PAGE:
Acas has recently published new guidance on suspension. We explore the guidance and look at what you need to know should you be suspended from work on disciplinary grounds.
When can I be suspended?
People are usually suspended from work by their employer in the context of a disciplinary investigation. However, it is also possible, although less common, for a worker to be suspended on medical grounds or, where a risk to a new or expectant mother has been identified in the workplace. This article focuses on disciplinary suspension.
What is suspension?
Very simply, it is where an employee continues to be employed (and so is generally entitled to continue receiving pay and benefits) but, does not have to attend their place of work or do any work.
What does suspension mean in the context of a disciplinary procedure?
Suspension should always be used as a neutral response by an employer and never as a disciplinary sanction; an employer should not be suspending because they assume an individual is guilty of wrongdoing. Suspension could be beneficial to an individual, to remove them from a stressful situation for example but, it should not be an automatic, knee jerk reaction by an employer to every potential disciplinary matter.
In what circumstances is disciplinary suspension appropriate?
The Acas guidance states that suspension should only be considered if there is a serious allegation of misconduct and:
- working relationships have severely broken down
- the employee could tamper with evidence, influence witnesses and/or sway the investigation into the allegation
- there is a risk to other employees, property or customers
- the employee is subject to criminal investigation which may affect if they can do their job
What are the alternatives to suspension?
Acas recommends that employers should carefully consider all other options before suspending an employee, including, on a temporary basis:
- moving the employee to a different team or role (of similar status and on the same terms and conditions)
- allowing the employee to work from home
- changing the employee’s working hours
- placing the employee on restricted duties
- requiring the employee to work under supervision
Will suspension damage my reputation?
Although suspension should be seen as a neutral act, in reality it can damage someone’s reputation within their workplace if it becomes common knowledge. Acas therefore recommends that the suspension and reason for it should be kept confidential, where possible, and that the employer should discuss with the employee how they would like it to be explained to colleagues and customers.
How should suspension be carried out by my employer?
You should be informed in writing that you are being suspended and given the following information:
- the reason for the suspension and how long it is expected to last
- that suspension is not an assumption of guilt and is to enable the investigation to progress
- your rights and obligations during the suspension. For example, that you should be contactable during normal working hours
- a point of contact (such as an HR manager) should you have any queries during the suspension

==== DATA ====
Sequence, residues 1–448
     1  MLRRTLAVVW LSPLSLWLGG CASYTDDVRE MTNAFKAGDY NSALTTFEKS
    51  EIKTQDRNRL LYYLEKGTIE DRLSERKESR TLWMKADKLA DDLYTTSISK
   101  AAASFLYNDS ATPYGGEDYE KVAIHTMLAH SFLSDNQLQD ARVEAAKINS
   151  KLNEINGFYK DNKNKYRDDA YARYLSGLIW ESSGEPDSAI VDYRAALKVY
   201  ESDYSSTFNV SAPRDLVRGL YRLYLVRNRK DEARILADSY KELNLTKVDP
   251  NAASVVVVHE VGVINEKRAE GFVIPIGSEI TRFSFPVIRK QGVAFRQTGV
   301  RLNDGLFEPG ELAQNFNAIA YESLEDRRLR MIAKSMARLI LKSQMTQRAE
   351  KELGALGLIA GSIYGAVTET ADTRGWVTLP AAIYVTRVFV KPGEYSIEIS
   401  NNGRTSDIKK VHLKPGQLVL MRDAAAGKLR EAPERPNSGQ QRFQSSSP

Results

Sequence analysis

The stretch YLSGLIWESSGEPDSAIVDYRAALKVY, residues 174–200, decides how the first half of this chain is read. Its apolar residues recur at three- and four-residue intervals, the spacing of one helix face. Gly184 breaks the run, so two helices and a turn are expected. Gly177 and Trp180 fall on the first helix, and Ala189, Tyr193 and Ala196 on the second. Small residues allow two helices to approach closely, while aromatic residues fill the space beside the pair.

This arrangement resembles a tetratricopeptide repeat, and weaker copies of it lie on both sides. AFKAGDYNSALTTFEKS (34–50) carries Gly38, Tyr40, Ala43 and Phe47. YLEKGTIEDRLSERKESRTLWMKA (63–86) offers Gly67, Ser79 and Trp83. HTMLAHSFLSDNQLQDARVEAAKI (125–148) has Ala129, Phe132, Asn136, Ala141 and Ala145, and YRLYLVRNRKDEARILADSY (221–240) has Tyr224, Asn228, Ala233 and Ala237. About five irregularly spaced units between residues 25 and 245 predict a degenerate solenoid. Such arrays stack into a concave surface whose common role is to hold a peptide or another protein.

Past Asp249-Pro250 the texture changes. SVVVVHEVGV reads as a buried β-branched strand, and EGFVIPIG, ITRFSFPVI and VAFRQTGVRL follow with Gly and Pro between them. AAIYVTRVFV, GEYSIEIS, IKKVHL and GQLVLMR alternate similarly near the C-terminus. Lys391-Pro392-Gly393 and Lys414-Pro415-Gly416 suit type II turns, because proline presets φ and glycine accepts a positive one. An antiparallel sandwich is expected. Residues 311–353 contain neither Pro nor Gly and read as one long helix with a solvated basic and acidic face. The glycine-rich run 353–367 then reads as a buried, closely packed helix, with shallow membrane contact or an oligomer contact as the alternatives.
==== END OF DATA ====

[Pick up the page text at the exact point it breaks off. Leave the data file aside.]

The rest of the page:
Can my employer refuse to pay me during my suspension?
No, not unless there is an unambiguous contractual right for the employer to suspend without pay and benefits. Even if there is (and this would be rare), to exercise that right makes it look like the employer is applying a punishment and not using suspension as a neutral act. This could support a future claim that the disciplinary process was unfair, for example because the employer assumed guilt before carrying out any proper investigation.
Alternatively, an employer may be able to avoid paying an employee their full pay during a suspension if the employee is ill and there is no contractual right to full pay during such time. They would however still be entitled to receive their usual sick pay.
How long can my employer suspend me for?
Any suspension must be reasonably brief but, it will depend upon how long the employer needs to complete the investigation. They should not be unreasonably slow and need to keep the situation under regular review to assess if suspension remains necessary. For example, once all witnesses have been interviewed it may be possible for the employee to be allowed to return while the employer reviews the evidence.
What can I do if I disagree with my suspension?
If you cannot agree matters informally with your employer then one option is to raise a formal grievance, using your employer’s formal grievance procedure. However, this course of action is likely to prolong matters while the employer deals with the grievance so, it should be carefully considered.
In certain circumstances, an employer’s mishandling of an employee’s suspension could amount to a breach of the implied term of trust and confidence, entitling them to resign and claim constructive dismissal. Alternatively, an employee’s suspension could amount to discrimination, for example, if one employee is suspended and another, in the same situation, isn’t. This would enable the employee to bring a claim in the employment tribunal.
How can we help you?
If you have questions because you are currently suspended or subject to disciplinary proceedings then talk to our employment law specialists today. We’ll help you figure out the best way forward for you.